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Gov. John Bel Edwards discusses transportation needs/solutions during a meeting of American Council of Engineering Companies and others in Baton Rouge, La., Friday Feb. 17, 2017.

The reelection of the man detractors call “the accidental governor” may be more than 30 months away, but the campaign's outcome will be written over the next four.

Lawmakers convene at the State Capitol April 10 to balance the next year's budget before July 1. They are talking about sweeping changes to the way Louisiana raises and spends money – cutting appropriations on pet programs, rolling back tax breaks for favored interests, and complex accounting changes – all with sweeping impacts hard to articulate to everyday taxpayers.

No, Democratic Gov. John Bel Edwards’ future will be decided in traffic jams.

The line is pretty direct between drivers sitting in congestion and the state’s $13 billion backlog of rank-and-file needs. (That doesn’t include another $16 billion backlog of "mega" projects, including a new bridge across the Mississippi River in Baton Rouge.)

A gubernatorial task force pointed out the need to raise $700 million to maintain roads, bridges and other transportation infrastructure. The group calculated that raising the 38.4-cent per gallon tax on gasoline by 23 cents would cover the entire amount.

“He needs some big wins,” said Baton Rouge pollster John Couvillon, who put Edwards chances for reelection at 50-50. “If he can get a gas tax passed and/or find a way to more adequately fund the roads, I think he would get a lot of gratitude from voters.”

Edwards is smart enough to know that if he were to succeed in paving the streets with gold, the House GOP majority would complain he didn’t use silver.

Viewed in that context, Edwards’ strategy of choosing a transportation tax initiative to back – rather than pushing his own – is understandable. A gas tax hike needs approval of two-thirds of the Legislature, a daunting task, so legislators need to “buy in” to any effort.

“It needs to be something bigger than the governor’s bill,” said Shawn Wilson, who runs the Department of Transportation & Development.

The number doesn’t have to be 23 cents, Wilson said. He can fill in some of the $700 million with other changes in policies recommended by the Task Force. He’s more concerned with how the tax increase would be set up. Would it be tied to an index that would allow the tax to independently fluctuate with some measure like the Consumer Price Index, so as not to lose value over time? Would the increase be tied to specific projects or to the entirety of the state’s infrastructure?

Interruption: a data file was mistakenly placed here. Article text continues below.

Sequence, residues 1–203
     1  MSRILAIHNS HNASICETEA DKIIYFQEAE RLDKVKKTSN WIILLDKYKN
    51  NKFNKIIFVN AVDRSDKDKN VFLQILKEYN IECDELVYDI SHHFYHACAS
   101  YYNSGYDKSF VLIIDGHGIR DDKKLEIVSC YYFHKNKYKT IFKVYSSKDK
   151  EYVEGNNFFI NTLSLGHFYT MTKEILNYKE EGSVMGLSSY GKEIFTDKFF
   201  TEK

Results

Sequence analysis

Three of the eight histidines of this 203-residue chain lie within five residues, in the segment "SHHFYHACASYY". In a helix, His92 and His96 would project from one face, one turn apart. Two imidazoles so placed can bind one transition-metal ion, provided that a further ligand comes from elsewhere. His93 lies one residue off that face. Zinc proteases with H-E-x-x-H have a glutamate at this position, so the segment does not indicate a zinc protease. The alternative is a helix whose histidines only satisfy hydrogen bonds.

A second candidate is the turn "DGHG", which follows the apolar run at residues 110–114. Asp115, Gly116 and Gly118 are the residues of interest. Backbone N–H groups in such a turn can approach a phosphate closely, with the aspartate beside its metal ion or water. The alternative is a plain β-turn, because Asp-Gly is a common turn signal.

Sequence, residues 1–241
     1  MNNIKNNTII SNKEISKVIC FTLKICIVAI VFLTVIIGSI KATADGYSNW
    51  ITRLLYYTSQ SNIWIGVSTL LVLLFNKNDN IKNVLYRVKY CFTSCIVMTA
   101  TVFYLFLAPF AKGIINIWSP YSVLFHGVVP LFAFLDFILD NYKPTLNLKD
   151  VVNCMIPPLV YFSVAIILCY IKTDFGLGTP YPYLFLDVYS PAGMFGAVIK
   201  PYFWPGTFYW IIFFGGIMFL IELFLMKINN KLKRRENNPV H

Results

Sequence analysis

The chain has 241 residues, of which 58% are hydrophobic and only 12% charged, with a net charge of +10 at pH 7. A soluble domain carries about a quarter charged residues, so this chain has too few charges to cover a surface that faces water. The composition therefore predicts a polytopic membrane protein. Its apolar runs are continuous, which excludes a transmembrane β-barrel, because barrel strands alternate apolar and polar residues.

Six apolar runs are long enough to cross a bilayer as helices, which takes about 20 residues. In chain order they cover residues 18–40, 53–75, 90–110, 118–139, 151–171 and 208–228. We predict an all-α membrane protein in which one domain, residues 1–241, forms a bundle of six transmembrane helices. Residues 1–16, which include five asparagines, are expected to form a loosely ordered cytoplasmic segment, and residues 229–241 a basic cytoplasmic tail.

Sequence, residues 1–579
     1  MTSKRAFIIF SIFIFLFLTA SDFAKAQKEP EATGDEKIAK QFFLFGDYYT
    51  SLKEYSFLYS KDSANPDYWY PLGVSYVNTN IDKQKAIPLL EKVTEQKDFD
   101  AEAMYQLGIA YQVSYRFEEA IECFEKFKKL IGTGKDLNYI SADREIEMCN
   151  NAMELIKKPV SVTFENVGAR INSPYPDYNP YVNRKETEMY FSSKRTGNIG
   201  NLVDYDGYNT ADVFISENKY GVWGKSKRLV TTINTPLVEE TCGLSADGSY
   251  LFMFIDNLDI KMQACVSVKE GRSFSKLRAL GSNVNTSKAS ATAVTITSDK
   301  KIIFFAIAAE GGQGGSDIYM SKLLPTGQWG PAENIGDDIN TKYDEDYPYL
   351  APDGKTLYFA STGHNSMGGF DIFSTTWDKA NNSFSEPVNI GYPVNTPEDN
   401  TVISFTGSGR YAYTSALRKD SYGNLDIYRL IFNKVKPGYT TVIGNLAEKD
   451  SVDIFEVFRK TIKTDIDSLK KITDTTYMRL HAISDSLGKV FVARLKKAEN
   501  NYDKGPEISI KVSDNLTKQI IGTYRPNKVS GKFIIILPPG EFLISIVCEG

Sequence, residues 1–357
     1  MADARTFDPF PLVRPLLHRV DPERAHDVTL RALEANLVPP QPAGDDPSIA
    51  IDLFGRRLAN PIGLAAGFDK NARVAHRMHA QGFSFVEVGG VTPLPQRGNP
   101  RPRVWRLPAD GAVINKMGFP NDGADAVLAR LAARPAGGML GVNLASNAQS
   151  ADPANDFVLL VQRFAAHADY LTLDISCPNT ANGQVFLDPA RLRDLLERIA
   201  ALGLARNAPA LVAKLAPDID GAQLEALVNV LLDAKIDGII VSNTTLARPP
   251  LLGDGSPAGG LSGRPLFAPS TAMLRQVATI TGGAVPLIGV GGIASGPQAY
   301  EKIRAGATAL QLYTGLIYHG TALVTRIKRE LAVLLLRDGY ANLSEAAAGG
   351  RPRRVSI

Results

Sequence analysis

LABI president Stephen Waguespack poked at Edwards’ “buy-in” strategy, saying the members of his Louisiana Association of Business and Industry are wanting the governor to present a plan that “articulates a clear vision of what he wants, how he wants to spend the money and how it all fits in” with the other changes to the tax system on which lawmakers will be simultaneously working.

Baton Rouge Republican stae Rep. Steve Carter and others are drafting a bill that would increase the tax by up to 17 cents per gallon, which would raise about $510 million annually.

Already the effort has been condemned by the Louisiana chapter of Americans For Prosperity, a national conservative advocacy group aligned with the tea party movement. Taxes don’t need to be raised, a 60-second TV spot states. “We simply need leaders who will spend our money wisely.”

And that kind of opposition, knowing the impact of 30 years of neglect, is what keeps Republican House Transportation committee Chairman Kenny Havard awake at night in his St. Francisville home.

A couple of lawmakers are pursuing the idea of letting voters decide in a statewide election. Edwards has voiced support of this plan too.

Havard thinks a statewide vote will fail.

Every day, West Feliciana Parish voters can see ongoing progress in the construction of a new $27.7 million hospital. Yet in December they soundly defeated a 1.5 percent property tax to pay for operating the facility when it opens later this year.

“I just don’t see voters approving a tax for promises that we as a state will fix the roads sometime in the future,” Havard said. “For years we haven’t spent the money where we said we would. We have a real credibility problem.”

He favors overhauling the state’s fiscal system to include making the DOTD administration come to the Legislature each year for funding and coming up with a way to regularly fund maintenance and expansion projects.

“I’m scared we’ll settle for 10 cents,” Havard said. “But that’s not even going to start fixing the problems we have. So what’ll end up happening is that we’ll still be sitting in traffic, only now we’ll be thinking about how we’re paying more in taxes.”

Follow Mark Ballard on Twitter, @MarkBallardCnb.